Essay Example on According to Neaum 2010 language is learned through social Interaction

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According to Neaum 2010 language is learned through social interaction within the society an individual grows up in Social interaction helps build attachment increases a child's interests in their environment and provides a child s stimulation for language development Gully 2014 From birth the relationship between the mother and the child begins in the form of smiling cooing babbling and body movements From 8 20 months babies produce one word utterances uses sounds and enjoys babbling At 16 26 months babies begin to put two words together ask simple questions and use most vowels At 22 36 months children begin to use word endings going use simple sentences and speech becomes clearer At 30 50 months children start to use a range of tenses uses intonation rhythm and phrasing to be understood and sound clusters emerge There are several theories as to how children develop language including the behaviourist theory developed by Skinner 1957 focusing on operant conditioning where behaviours are repeated and learned by being either rewarded or punished Children use words that are positively reinforced by adults shaping a child's speech leading to adult like communication Doherty et al 2013 The social learning theory developed by Bandura proposes that children acquire vocabulary and complex grammar through listening to others observing the complexities in their phrases and rules and imitation Doherty et al 2013 



In contrast to these theories the nativist approach proposed by Chomsky argues that language is innate and the human brain has a language acquisition device LAD allowing children to process language and understand what is and is not linguistically acceptable Owens 2013 There are several factors that can affect a child's language development including the environment deprivation and poverty which can be closely linked Studies show children from lower socioeconomic groups entering schools have been overtaken by others Feinstein 2003 Due to stress caused by economic hardship parents are less likely to provide supportive parenting Families with low income are likely to be less involved with their child's learning due to their own negative experiences of education Thus resulting in them not having the skills and knowledge to aid their child's learning Wheeler and Connor 2009 This affects a child's language development as less educated parents may not know the significance of consistently using language and play with their baby delaying their early language skills Brazelton and Nugent 1995 state that early interaction and play is beneficial between parents and the child as it stimulates brain development enhances speech and language development and develops babies social skills in relationships Sutton 2016 According to Neaum 2010 low income typically results in a lack of access to books computers and other resources which affects the quality of the home environment as low income limits where families can live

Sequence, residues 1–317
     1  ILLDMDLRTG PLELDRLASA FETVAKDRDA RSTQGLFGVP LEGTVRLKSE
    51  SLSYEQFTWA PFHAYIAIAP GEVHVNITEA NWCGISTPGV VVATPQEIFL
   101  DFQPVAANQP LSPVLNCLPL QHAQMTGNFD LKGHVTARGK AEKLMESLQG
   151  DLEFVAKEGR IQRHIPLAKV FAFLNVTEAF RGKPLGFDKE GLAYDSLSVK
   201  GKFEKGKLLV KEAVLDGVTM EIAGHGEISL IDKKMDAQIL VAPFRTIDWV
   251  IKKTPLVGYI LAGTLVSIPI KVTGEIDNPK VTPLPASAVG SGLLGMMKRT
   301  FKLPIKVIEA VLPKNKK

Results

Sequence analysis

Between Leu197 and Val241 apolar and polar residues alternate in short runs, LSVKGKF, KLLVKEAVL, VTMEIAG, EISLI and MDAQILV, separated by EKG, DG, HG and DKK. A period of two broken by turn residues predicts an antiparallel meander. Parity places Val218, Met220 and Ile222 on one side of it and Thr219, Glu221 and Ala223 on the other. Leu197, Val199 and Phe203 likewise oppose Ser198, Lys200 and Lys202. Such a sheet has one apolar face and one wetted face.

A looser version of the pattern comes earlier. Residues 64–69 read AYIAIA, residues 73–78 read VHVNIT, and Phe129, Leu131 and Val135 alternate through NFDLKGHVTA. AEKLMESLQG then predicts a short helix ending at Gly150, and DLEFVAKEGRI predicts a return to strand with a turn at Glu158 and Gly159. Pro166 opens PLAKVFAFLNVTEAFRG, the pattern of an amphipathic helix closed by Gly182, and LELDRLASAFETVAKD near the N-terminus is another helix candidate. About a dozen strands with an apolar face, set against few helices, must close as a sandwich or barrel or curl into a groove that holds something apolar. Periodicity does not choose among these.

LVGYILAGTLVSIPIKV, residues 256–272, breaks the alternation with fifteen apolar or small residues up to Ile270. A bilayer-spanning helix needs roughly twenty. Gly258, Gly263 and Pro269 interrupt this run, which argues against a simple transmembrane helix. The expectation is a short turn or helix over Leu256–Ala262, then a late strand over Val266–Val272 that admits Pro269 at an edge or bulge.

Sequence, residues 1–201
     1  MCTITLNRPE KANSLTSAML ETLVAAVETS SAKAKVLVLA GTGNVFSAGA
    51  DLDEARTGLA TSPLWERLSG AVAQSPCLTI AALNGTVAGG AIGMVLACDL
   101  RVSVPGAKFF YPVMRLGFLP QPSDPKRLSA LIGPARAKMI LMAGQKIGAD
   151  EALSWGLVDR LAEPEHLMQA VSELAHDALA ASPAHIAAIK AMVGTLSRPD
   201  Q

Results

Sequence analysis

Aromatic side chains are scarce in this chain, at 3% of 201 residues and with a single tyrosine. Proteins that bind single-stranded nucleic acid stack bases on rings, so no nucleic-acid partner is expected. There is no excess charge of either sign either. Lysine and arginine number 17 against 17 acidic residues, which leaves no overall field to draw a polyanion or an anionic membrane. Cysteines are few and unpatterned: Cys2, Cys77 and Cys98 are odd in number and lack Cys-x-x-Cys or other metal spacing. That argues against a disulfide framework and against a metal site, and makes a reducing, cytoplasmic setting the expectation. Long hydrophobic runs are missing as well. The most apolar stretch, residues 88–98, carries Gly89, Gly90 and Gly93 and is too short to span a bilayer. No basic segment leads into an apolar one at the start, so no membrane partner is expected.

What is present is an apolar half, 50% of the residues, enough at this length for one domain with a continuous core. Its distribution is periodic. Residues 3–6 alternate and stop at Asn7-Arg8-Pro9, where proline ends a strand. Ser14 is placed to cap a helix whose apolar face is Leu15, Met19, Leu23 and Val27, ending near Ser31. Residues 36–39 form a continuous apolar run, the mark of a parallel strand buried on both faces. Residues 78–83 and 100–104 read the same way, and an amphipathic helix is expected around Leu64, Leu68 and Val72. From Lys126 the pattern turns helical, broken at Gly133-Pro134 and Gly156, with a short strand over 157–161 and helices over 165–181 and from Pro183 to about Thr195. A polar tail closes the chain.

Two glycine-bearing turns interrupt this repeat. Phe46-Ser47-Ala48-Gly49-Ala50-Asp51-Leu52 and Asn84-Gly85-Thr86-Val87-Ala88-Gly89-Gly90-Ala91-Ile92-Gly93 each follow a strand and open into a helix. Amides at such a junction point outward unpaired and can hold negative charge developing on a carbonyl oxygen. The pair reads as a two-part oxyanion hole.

This impacts a child's early language development as early exposure and experiences with reading and other literacy related activities at home is beneficial for preschoolers development of vocabulary and decoding skills These environments offer children more opportunities to practice more complex language skills and diverse vocabulary Kim Im and Kwon 2015 The integrated review focuses on two year olds and requires providers to support parents with a written summary identifying their child's progress strengths and needs in accordance to the three prime learning areas of the EYFS It considers the influences in the child's life such as the child's family the home learning environment and the neighbourhood This is important as Bronfenbrenner emphasised the importance of studying a child in the context of numerous environments to understand a child's development Swick et al 2006 The integrated review appropriates intervention and support for children and their families where needed Parents play a vital role in the integrated review which is reflected throughout the review process The review process includes a discussion with parents


The Ages Stages Questionnaire and the review material provided by the practitioner consisting of daily observations of the child within the setting The Ages Stages Questionnaire covers five domains of development and begins the discussion about the child's development In preparation for the review guidance is given for parents and practitioners The integrated review states that to establish a good relationship with parents and an effective review a respectful empathic and strengths based approach needs to be demonstrated For instance a parent led opening agreement reflection on previous reviews and using open ended questions to prompt any concerns is suggested as well as discussing with parents of children who have been identified as disabled or with special educational needs whether to use the questionnaire This is effective as using open ended questions give parents an opportunity to express their views and feelings and share more information thus making them feel respected and valued Ward 2013


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